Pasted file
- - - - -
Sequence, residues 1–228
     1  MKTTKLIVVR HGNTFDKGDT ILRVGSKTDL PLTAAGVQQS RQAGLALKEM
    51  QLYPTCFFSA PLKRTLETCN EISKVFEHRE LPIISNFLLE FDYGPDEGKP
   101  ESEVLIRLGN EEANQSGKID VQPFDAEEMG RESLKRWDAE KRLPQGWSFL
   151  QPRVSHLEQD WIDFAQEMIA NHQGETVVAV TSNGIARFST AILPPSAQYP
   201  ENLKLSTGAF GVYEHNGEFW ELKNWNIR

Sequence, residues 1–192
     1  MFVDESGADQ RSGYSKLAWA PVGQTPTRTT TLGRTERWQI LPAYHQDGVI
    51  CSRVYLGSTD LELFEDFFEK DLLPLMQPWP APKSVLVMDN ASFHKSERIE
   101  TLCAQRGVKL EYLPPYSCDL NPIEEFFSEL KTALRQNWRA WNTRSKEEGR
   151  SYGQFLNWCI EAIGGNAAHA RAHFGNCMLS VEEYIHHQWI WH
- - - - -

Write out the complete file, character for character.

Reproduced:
Sequence, residues 1–228
     1  MKTTKLIVVR HGNTFDKGDT ILRVGSKTDL PLTAAGVQQS RQAGLALKEM
    51  QLYPTCFFSA PLKRTLETCN EISKVFEHRE LPIISNFLLE FDYGPDEGKP
   101  ESEVLIRLGN EEANQSGKID VQPFDAEEMG RESLKRWDAE KRLPQGWSFL
   151  QPRVSHLEQD WIDFAQEMIA NHQGETVVAV TSNGIARFST AILPPSAQYP
   201  ENLKLSTGAF GVYEHNGEFW ELKNWNIR

Sequence, residues 1–192
     1  MFVDESGADQ RSGYSKLAWA PVGQTPTRTT TLGRTERWQI LPAYHQDGVI
    51  CSRVYLGSTD LELFEDFFEK DLLPLMQPWP APKSVLVMDN ASFHKSERIE
   101  TLCAQRGVKL EYLPPYSCDL NPIEEFFSEL KTALRQNWRA WNTRSKEEGR
   151  SYGQFLNWCI EAIGGNAAHA RAHFGNCMLS VEEYIHHQWI WH